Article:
Center for the Advancement of the Steady State Economy
Regular Contributors:  Herman Daly, Brian Czech, Brent Blackwelder, James Magnus-Johnston, and Eric Zencey. Guest authors by invitation.

Print This Post Print This Post

BP: Beyond Probablilities

BrianCzechAs much as I intended to cover the pending designation of GNP National Monument in Montana, that will have to wait until next time.  This week, there’s just no way a Daly News contributor could fail to focus on British Petroleum and the Deepwater spill.

Punctuated environmental disasters like Bhopal, Chernobyl, and Deepwater have a lot in common with ongoing, insidious disasters like climate change, biodiversity loss, and pollution in general.  The insidious disasters are so tightly linked to economic growth you couldn’t separate them with a BP “top-kill” pump.  But so are the punctuated disasters.  And, as with the insidious disasters, the linkage of punctuated disasters to economic growth is never pointed out in the mainstream media.

The connection has to be pointed out, with emphasis and often, or we can forget about economic policy reform toward a steady state economy.  Instead, naïve (or unscrupulous) politicians and economists will call for more economic growth in order to fund all the hapless responses like hair-booms, deepwater robots, and top-kills.

The linkage between economic growth and environmental disaster probably seems obvious or at least intuitive to people such as our CASSE signatories, but we’ve learned that it is far from obvious to many economists, businessmen, politicians, and others who haven’t thought about it in these terms.  So let’s think about it a bit…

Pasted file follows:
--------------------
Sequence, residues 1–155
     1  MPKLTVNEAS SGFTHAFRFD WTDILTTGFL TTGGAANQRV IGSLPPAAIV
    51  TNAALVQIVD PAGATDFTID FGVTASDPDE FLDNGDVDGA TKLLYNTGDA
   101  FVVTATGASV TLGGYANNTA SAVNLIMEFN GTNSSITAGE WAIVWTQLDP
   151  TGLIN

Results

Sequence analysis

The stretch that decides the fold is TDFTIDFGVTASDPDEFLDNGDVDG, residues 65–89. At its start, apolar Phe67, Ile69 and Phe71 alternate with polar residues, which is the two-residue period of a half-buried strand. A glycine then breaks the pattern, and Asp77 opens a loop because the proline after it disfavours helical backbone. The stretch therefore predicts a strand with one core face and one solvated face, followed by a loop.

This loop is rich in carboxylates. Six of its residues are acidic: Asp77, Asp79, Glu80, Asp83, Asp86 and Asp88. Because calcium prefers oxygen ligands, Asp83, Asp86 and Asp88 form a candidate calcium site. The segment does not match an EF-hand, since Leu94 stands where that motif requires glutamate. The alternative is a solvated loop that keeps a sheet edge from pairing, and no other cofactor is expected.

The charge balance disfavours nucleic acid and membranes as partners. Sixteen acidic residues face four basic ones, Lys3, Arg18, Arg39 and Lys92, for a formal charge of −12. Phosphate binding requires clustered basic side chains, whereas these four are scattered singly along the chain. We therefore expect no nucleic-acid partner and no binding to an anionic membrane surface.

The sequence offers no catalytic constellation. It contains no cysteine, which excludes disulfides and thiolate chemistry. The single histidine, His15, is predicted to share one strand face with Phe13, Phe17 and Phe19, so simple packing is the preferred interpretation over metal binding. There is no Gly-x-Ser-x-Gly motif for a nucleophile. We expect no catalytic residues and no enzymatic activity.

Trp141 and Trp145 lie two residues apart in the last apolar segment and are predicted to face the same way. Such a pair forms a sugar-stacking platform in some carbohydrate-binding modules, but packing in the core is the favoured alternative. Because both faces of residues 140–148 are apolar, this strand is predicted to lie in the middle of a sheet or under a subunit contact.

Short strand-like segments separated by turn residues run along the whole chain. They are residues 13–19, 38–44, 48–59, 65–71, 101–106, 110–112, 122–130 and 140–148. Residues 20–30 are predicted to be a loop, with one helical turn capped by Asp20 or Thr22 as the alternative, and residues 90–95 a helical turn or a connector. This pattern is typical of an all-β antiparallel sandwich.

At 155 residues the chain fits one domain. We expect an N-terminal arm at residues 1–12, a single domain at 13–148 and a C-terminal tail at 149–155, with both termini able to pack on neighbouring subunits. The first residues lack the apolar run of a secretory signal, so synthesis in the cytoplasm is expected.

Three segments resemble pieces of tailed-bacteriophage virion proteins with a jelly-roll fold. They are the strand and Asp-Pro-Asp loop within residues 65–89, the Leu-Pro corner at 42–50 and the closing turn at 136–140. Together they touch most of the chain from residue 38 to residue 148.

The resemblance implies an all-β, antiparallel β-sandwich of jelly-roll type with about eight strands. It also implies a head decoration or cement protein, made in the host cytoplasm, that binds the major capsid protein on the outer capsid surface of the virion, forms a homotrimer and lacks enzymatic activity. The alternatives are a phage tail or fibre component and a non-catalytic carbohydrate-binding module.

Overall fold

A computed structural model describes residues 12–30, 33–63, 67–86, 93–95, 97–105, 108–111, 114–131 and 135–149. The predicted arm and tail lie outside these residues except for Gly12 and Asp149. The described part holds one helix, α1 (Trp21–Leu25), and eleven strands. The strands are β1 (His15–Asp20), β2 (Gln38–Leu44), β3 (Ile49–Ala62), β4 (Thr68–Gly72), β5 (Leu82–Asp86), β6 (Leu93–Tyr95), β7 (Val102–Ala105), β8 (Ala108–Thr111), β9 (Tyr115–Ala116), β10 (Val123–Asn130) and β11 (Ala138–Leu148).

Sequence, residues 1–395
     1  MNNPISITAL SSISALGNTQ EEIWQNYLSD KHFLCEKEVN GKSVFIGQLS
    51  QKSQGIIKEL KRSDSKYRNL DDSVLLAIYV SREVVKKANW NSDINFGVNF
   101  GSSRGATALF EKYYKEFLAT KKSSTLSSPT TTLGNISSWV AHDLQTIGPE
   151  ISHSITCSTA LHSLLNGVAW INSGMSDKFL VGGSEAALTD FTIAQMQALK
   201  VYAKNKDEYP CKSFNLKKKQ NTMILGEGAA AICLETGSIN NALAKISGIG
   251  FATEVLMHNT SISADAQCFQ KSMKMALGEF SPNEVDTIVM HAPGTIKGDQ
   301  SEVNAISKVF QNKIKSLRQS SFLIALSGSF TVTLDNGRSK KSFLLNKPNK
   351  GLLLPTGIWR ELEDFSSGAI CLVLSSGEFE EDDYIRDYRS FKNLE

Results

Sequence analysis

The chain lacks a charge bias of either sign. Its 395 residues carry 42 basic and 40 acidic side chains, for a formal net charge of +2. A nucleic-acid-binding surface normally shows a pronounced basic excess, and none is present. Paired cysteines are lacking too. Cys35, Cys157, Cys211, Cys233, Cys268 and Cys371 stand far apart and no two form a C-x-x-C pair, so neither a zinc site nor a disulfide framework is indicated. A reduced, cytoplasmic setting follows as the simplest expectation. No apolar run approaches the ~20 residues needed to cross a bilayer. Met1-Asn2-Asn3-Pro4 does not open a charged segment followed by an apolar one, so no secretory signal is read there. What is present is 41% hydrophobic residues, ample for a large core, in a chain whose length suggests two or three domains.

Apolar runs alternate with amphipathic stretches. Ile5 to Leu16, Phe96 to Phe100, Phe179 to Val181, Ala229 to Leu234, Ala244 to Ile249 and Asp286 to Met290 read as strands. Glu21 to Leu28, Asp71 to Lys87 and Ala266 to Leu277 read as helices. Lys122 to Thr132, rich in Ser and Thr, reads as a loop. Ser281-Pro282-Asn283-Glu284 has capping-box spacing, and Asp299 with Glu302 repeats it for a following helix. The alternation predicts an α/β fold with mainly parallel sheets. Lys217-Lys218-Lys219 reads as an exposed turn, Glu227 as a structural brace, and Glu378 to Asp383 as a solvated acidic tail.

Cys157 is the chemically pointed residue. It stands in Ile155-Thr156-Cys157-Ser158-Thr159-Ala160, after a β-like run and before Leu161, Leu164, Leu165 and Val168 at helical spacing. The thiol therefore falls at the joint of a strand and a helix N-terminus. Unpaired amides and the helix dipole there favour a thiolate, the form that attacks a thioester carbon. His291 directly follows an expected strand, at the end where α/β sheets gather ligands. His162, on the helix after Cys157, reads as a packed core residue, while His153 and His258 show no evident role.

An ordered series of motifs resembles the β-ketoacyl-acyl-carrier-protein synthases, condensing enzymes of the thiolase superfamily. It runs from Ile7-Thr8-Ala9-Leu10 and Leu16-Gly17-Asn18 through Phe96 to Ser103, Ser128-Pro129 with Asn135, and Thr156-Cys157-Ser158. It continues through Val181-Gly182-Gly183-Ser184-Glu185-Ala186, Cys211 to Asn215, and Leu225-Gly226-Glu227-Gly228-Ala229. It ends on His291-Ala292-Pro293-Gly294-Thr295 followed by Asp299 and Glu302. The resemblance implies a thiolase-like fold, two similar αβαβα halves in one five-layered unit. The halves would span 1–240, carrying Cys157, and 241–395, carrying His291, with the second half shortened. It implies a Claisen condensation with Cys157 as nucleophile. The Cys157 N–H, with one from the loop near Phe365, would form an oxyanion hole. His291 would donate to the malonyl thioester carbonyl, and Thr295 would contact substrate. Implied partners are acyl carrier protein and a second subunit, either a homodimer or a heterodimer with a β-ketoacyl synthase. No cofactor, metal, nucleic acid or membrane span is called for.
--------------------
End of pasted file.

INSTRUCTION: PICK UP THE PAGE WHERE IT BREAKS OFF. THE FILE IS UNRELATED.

Image by PDXCreative

Environmental accidents include a long, long list of leaks, spills, collapses, collisions, breaks, explosions, fires, derailments, and other wrecks and mishaps to match the variety of economic endeavors from which they stem.  Here we are focused on accidents in the energy sector for two reasons.  First, these accidents tend to be some of the most disastrous.  Second, they are the most inevitable.

The first point is fairly obvious; the second point bears elaboration.  Why are energy sector accidents most inevitable?

While economic growth may not absolutely require, say, diamond mining with all its environmental and social costs, economic growth absolutely requires the use of more energy.  Diamond mining may be an optional sector in a growing economy; the energy sector is not.  Such is the trophic structure of the economy.

So economic activity requires energy, and a growing economy requires more energy.  Next, it doesn’t take a rocket scientist to understand that the probabilities of energy sector accidents increase with – you got it – the level of activity in the energy sector!  And gambling with the energy sector is no Saturday jaunt to the tribal casino, where you might hit the jackpot and make an escape.  We’re talking about national and global economies – tens of thousands of oil wells, thousands of coal mines, hundreds of nuclear plants, etc. – operating 24/7 and into the long run.

That means the “probabilities” play out!